The Diary of One Who Disappeared is generally considered to be the first creative fruit of the composer’s infatuation with Kamila Stösslová, whom he first encountered directly before commencing work on the piece. Trapped as he was in a loveless marriage, their chaste encounters in the spa town of Luhačovice during July 1917 augured an Indian summer of creativity which lasted throughout Janáček’s final decade, and which spawned the majority of his major masterpieces. No surprise then that there is a cloying mood of repression in this work, a latent dam of emotion and frustrated erotic desire that’s fit to burst, and which is fervently conveyed by Drake’s tempestuous yet simultaneously reined-in account of its instrumental heart, the Intermezzo erotico. There is a frankness in his playing here that is really discomfiting, even more so than Thomas Adès’ more angular account for Ian Bostridge on Warners (formerly EMI). That disc was surely the market leader before this newcomer—Bostridge is also an accomplished actor while Adès always finds something fresh to say about whatever he plays—but the new issue really scores with the deployment of the seductively earthy yet rounded mezzo voice of Václava Housková, whose contributions to the three central ensemble numbers seem more natural and idiomatic than Ruby Philogene’s on the rival disc. Sample her mesmerising account of the heady gipsy song Bože dálný, nesmrtelný (God all-powerful, God eternal), which stands out also for Drake’s immaculate pacing. The impact of this middle group is further sharpened by the spine-chilling off-stage murmurings of the trio Voice, who truly provide subchoral ‘effects’ quite unlike those in any previous recording I’ve heard.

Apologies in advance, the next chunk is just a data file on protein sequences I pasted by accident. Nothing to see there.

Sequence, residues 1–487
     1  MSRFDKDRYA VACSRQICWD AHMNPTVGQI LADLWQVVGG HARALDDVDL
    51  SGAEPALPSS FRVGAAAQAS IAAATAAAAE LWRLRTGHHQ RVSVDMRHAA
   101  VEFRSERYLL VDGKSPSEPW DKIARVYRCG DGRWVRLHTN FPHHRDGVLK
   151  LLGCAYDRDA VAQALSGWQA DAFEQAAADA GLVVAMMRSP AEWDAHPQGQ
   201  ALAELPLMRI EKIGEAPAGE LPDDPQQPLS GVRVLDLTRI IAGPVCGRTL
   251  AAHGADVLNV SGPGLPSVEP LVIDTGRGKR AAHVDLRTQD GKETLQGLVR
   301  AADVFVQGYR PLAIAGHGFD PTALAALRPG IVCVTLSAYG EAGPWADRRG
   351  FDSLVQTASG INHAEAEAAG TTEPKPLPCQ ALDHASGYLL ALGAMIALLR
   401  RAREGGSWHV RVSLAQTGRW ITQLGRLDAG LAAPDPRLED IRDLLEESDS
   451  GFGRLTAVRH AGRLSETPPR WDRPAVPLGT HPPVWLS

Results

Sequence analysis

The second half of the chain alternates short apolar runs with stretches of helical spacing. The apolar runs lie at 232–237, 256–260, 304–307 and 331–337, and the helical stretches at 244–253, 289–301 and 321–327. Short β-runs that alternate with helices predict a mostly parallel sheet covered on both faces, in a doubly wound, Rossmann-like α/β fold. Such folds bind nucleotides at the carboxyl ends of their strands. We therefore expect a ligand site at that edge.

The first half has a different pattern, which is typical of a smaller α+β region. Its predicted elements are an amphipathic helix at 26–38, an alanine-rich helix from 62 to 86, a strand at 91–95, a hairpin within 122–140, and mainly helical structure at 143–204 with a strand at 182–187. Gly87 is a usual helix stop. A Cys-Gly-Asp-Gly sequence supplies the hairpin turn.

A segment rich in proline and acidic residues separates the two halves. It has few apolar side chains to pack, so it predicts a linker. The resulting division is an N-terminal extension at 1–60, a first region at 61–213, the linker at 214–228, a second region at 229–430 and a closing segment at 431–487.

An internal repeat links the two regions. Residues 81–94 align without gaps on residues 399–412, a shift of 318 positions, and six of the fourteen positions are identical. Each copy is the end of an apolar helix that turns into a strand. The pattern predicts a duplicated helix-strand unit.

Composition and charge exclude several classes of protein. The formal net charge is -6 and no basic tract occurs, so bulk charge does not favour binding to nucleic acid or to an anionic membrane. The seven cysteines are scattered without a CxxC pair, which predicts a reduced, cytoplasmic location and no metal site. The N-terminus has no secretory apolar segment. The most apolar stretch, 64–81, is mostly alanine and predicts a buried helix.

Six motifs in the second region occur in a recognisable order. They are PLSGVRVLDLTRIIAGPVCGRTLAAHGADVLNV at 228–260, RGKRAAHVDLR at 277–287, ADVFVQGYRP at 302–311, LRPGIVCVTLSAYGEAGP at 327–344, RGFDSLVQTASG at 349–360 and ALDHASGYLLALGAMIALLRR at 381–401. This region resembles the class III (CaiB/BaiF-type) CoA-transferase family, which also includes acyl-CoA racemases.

It's the presence of these songs nine to thirteen which truly confirm the notion that the Diary is actually a ‘pocket opera’ rather than a song-cycle, a view emboldened by the composer’s peculiar stage directions which are described in detail in Nigel Simeone’s model notes. It’s hardly an original insight; the Diary was in fact presented by the Royal Opera House at its Linbury Theatre this summer in a staged version directed by Ivo van Hove. Most of the reviews I read, alas, were less than flattering. Nevertheless, Janáček’s structure seems to imply a neat division into three ‘mini acts’, the first and last of which rely solely upon tenor and pianist.